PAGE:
How do I know that? I have super-secret inside sources that feed my political intelligence from the Keystone State — my parents!
I grew up on a small family farm in Pennsylvania. My parents and my siblings and their families still live there. Most of my extended family lives there, too.
So I have a bit of an inside track on what “regular” voters are thinking and which way a good chunk of Pa. might be inclined to go in the presidential primary in April. They’ll be focused on the candidate they believe can deliver a real change in the direction of the economy. As James Carville still likes to say about the key to winning presidential elections, “It’s the economy, stupid.”
How do I know that? Because my parents are already pinching their pennies so hard they scream.
My dad drives miles out of his way to buy lunch meat that’s less expensive than at the grocery store in town. My parents wanted to take a vacation to celebrate their 50th wedding anniversary last year. Even though we all chipped in so they could swing a few days away from the farm, they had to postpone it because my dad needed to fix some things around the farm and they needed the money for that more. They reasoned that maybe spring would be a better time for a road trip anyway. Now, they don’t know if they can afford their holiday because the price of gas gone up so much.
Oh, and they haven’t had a vacation for about 20 years.
My parents have to carefully scrutinize their budget to decide if they can afford the $50 tank of gas to come visit our house, about 4 hours from theirs.
But I’m not the only one with a family story like this. Others are starting to lament, as well.
Bookish on a Budget is dealing with unexpected expenses and focusing on her budget in terms of where she can “trade up” and where to “trade down”:
Target has done a fabulous job of capitalizing on the true consumer insight that people like to trade down in some areas so that they can save their money and trade up in others. People can do both at retailers like Target. But they’re also mixing the concept across retailers. Shop for home decor at Target so you can shop for handbags at Gucci. You get to value what you value, and both retailers win. As a marketer, I’ve thought about this a lot in my professional life. Brand loyalty is irrational behavior, and yet, one of the most normal behaviors in our consumer culture.
And while families are already in belt-tightening mode, there are some “luxuries” the Beyond Mom family won’t scrimp on:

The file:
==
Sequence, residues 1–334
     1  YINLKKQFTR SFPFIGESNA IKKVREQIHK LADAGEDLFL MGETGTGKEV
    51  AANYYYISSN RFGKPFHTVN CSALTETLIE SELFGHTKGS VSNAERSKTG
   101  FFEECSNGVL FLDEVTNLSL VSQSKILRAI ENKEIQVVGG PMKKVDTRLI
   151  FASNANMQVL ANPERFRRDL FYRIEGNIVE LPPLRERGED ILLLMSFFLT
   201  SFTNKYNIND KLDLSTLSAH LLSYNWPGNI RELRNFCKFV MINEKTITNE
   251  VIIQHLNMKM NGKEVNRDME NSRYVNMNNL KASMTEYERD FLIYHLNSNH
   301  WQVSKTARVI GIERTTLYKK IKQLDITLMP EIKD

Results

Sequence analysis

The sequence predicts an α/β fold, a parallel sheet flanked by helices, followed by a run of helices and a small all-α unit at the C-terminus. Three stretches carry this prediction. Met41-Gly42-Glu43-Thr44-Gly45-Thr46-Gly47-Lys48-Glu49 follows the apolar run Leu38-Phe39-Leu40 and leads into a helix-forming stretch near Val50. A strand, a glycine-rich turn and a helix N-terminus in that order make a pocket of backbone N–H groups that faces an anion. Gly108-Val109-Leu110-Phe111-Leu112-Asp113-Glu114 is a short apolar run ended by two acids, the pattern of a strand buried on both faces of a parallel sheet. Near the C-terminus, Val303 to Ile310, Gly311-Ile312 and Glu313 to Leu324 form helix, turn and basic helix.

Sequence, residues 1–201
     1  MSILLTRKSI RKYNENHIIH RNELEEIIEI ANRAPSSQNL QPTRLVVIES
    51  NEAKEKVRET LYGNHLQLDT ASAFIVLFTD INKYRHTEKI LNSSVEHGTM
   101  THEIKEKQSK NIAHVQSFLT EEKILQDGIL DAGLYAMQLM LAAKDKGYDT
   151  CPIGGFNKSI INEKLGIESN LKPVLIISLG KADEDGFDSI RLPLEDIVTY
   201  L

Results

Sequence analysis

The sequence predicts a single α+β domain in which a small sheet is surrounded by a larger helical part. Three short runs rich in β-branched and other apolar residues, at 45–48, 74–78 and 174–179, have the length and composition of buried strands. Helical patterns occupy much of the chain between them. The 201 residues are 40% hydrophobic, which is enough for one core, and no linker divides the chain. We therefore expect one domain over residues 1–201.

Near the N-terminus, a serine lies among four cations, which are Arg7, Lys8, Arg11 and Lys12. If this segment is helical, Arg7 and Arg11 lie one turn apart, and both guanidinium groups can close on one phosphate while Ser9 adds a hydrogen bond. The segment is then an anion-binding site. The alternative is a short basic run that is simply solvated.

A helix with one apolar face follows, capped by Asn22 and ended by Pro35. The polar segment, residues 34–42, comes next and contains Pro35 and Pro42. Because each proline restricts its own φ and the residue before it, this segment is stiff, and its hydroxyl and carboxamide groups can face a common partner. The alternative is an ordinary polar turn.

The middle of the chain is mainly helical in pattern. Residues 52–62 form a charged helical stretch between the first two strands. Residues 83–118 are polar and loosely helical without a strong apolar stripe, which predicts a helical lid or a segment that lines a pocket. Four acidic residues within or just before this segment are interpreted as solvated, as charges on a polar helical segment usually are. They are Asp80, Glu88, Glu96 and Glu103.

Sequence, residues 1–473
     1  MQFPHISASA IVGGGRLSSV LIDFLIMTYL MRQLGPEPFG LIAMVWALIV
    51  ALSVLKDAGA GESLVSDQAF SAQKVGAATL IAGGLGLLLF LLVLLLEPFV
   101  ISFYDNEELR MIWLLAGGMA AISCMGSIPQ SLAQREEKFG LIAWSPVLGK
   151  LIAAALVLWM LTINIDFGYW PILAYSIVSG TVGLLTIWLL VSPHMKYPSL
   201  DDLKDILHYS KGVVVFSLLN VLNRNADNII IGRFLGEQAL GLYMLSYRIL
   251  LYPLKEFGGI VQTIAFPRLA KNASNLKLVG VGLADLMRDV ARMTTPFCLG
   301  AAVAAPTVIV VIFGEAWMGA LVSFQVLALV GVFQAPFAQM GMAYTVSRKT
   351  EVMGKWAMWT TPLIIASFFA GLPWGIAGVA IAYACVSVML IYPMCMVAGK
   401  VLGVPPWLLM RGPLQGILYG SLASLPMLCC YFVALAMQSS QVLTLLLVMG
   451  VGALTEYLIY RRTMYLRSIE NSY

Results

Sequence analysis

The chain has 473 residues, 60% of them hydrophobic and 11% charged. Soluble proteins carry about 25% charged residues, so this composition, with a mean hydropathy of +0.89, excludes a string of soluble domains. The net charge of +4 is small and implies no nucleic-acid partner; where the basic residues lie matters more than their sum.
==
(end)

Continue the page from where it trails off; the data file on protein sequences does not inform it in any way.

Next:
Well, you know what…I think that millions of households are probably talking about recession and belt-tightening and scaling it back. My household is one of them. We live very simply here, and the one thing we do that is special (i.e. bringing in take-out for dinner on Friday night, because I’m too exhausted to cook one more meal) is going to continue.
But Julie Pippert from Using My Words (and a fellow MOMocrat!) sent me an E-mail on this topic, which started my head spinning in another direction — what will a recession do to families who already have bare-bones budgets?
We don’t take trips. We do free summer camps (read: vacation Bible school…I’m nondiscriminatory, any religion will do). I take hand-me-downs and shop at resale shops. We maintain and don’t replace unless necessary. I buy local produce through an organic CSA [community supported agriculture program] because it is 1/20th the cost of stores and better, too. I haul 90 lbs of trailer and kids around on my bike to drive as little as possible (double benefit: free exercise! Gyms cost too much). We don’t use cell phones, have no video games, iPhones, laptops, etc. Our television was free; my husband won it.
I’m a Luddite and Green by necessity. LOL
What can I cut…
I can take the little one out of preschool, but then I’d have to stop working, basically.
We could drop the life and or health insurance (we just have catastrophic coverage and an HSA). Home or property insurance. Flood and acts of God insurance. That could save us tons (or cost us tons).
We could downsize our house again, or move into an apartment, but we haven’t seen any with a cheaper mortgage (not any place we’d live with kids, anyway).
Well, that’s about it. We’re pretty bare bones.
What about you? Summer vacations? Summer day camps for your kids? What thing will it be that you cut back on that will lead you to say we are in a recession? Or are you already in bare-bones mode, hoping and praying that things don’t get worse before they get better?